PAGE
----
• Minimize expectations of 24/7 availability to allow employees true time off.
  • Focus on diversity, equity, and inclusion to create an environment for all employees to thrive.
  • Staff projects so no one is overloaded.
  • Ease anxiety by providing robust training for employees when implementing new technology.
  • Create clear career pathways, particularly for frontline, entry-level, and mid-level workers who are most vulnerable.
  • Let job candidates know during the hiring process about employee resource groups and affinity groups so they can find a point of connection.
  • Notify candidates about the outcome of their job application or interview.
  • Offer wraparound onboarding supports, such as guides, buddies, and schedules to help employees create relationships more quickly.
  • Train leaders and managers to know where to direct employees to well-being resources.
  • Encourage managers to talk with their direct reports about well-being during one-on-one check-ins.
  • Expand EAPs to include mental health support.
  • Bolster caregiving support for employees.
  • Conduct a salary audit to ensure a living wage for employees.

If you’re a corporate leader interested in helping your company invest in increasing employee well-being, here are three steps you can take now:

  1. Audit your current talent practices: What are you already doing on this list? What are you not doing? What could you start?
  2. Choose a starting place: Based on what you know your employees need most during this difficult time, what is one area on the Impact Employer wheel where you might start? Who could be your partners in that journey?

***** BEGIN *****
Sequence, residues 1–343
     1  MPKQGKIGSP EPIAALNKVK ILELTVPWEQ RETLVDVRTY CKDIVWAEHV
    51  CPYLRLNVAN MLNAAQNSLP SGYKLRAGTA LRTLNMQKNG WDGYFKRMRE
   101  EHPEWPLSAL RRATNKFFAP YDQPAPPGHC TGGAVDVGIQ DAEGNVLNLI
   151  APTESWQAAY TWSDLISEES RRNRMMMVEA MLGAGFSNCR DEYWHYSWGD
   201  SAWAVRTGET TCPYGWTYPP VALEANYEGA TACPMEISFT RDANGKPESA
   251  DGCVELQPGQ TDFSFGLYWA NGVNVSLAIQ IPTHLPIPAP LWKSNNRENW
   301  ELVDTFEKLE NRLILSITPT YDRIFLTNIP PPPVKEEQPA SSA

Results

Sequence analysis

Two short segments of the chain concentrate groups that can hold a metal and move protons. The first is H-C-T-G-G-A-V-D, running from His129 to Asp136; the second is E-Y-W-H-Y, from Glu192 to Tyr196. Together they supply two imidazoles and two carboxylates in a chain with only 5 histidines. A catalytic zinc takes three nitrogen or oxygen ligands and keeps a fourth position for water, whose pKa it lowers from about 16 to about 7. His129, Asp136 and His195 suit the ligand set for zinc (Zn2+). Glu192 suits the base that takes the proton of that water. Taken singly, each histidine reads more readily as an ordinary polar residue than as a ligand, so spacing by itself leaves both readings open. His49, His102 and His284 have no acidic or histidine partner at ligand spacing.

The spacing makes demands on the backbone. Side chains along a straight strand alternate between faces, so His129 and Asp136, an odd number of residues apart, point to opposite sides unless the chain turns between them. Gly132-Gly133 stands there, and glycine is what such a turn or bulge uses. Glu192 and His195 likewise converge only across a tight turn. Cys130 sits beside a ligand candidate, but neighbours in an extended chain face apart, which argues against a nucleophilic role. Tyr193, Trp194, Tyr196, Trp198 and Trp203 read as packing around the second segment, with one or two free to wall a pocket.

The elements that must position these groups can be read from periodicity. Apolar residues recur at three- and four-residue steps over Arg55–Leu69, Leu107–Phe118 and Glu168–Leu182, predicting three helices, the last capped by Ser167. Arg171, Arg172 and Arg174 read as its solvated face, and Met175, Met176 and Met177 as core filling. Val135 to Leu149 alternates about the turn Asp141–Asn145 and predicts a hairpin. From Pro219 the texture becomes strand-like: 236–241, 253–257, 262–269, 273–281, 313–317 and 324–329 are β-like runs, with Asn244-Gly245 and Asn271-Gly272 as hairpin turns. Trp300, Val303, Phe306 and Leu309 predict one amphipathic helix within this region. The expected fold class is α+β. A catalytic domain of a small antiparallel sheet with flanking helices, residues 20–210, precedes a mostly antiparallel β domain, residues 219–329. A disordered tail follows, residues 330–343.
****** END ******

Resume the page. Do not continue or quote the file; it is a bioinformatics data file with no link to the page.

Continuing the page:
3. Start small: Design a small-scale pilot to try one of these efforts, particularly if it’s brand new to your company. Capture what you learned and what it would look like to expand the pilot efforts to more employees.

Well-being involves both a top-down and bottom-up approach. A major challenge identified by Action Collaborative participants was how to share the many well-being initiatives their companies offer. One promising option to address this challenge came from a participant who suggested recruiting people to serve as ambassadors who can refer employees to the most helpful initiatives. Employees are often the best advocates for sharing their needs and resources in their workplace, and the idea of well-being is tailored to each individual. Dr. Katina Sawyer, cofounder of Workr Beeing, explained, “Everybody doesn’t define wellness the same way . . . and it is important to think about if we are producing workers who are less well than they were than when they started in our organizations because then we are depleting our workplaces of energy and decreasing performance.”

Well-being is a critical ingredient to making sure your employees can survive and thrive during this incredibly challenging time. It is essential to building a workplace that is equitable and inclusive, providing upward mobility for all employees.

Action Collaboratives give corporate leaders the tools and expertise they need to put employee well-being, equity, and mobility at the forefront of their business strategies. Designed for peer-to-peer connections, these small groups offer a place to ideate, envision, and problem-solve—together.